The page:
What has happened in Ukraine, and more specifically in Crimea, is unacceptable. It can’t be tolerated that borders are moved and a region passes from one country to another, without the international community being required to act.
This is what Europe must do. It had warned about this. Sanctions are therefore going to be decided, particularly vis-à-vis a number of key figures, on [the basis of] their individual situations and their financial assets.
Political relations will also be suspended, since there was supposed to be a meeting between the European Union and Russia. It can’t take place under these conditions.
We shall also have to envisage other sanctions if there’s an escalation.
The principle of firmness must prevail, but the principle of discussion too.
If Russia agrees to begin discussions, if the de-escalation can now be confirmed, then no further sanctions will be adopted. But, conversely, if there’s an increase in illegitimate claims, if there are troop operations, if there are threats, then there will be further sanctions.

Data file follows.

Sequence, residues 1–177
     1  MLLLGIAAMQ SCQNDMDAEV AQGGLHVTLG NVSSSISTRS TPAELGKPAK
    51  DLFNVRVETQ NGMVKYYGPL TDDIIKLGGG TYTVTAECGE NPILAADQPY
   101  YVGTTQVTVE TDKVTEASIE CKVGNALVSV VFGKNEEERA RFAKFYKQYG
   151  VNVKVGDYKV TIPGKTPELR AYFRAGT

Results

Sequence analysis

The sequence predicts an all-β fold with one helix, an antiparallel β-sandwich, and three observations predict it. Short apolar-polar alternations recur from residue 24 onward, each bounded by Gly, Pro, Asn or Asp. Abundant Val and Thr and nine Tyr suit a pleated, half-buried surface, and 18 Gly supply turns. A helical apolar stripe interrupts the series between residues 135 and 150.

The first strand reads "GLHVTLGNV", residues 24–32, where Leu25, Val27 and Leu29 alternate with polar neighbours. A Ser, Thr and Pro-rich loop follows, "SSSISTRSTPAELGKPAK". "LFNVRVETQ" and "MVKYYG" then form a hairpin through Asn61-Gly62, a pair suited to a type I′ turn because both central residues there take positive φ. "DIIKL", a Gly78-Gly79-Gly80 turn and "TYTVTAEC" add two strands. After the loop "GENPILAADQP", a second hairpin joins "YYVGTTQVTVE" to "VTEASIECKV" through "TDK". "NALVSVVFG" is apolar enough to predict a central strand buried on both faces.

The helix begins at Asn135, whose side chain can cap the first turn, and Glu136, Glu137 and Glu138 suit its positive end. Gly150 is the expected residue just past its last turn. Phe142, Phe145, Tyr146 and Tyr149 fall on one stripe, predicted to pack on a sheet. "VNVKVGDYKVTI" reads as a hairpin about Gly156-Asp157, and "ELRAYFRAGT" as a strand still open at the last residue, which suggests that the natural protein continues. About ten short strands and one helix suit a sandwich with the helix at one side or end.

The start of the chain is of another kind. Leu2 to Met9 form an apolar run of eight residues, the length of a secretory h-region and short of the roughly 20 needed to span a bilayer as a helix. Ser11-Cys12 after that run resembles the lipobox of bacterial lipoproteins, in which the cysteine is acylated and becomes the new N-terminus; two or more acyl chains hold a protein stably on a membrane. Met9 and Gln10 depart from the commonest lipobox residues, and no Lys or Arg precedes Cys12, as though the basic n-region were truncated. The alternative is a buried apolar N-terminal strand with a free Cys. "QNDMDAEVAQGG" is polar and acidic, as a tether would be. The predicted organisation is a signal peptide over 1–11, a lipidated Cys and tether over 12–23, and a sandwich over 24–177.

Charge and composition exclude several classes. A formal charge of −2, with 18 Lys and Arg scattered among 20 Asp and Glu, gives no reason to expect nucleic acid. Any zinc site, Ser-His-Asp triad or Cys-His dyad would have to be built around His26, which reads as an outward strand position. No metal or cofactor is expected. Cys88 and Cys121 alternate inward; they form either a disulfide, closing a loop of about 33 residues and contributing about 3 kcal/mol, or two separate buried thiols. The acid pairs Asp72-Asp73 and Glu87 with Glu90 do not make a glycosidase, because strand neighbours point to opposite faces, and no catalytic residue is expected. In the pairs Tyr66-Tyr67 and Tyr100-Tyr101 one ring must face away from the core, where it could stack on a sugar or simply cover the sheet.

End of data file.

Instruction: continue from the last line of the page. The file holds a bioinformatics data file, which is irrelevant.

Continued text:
We’re moving on to a new phase: that of individual sanctions. We’re preparing others should the situation deteriorate.
The individual sanctions are going to be discussed here. They’ll have to concern those people who have played a role – in Ukraine or Russia – in causing what’s happening today.
Diplomacy and the economy go hand in hand. If there’s no threat, including to the economy, then there can be no place for diplomacy.
Diplomacy means discussion, it means negotiation. In order for there to be discussion and negotiation, there must be pressure. That’s why economic sanctions, even if they’re not decided on today, must be envisaged and must, in any case, be prepared. But for the European Council meeting today and indeed tomorrow, it’s individual sanctions that must be adopted. Thank you./.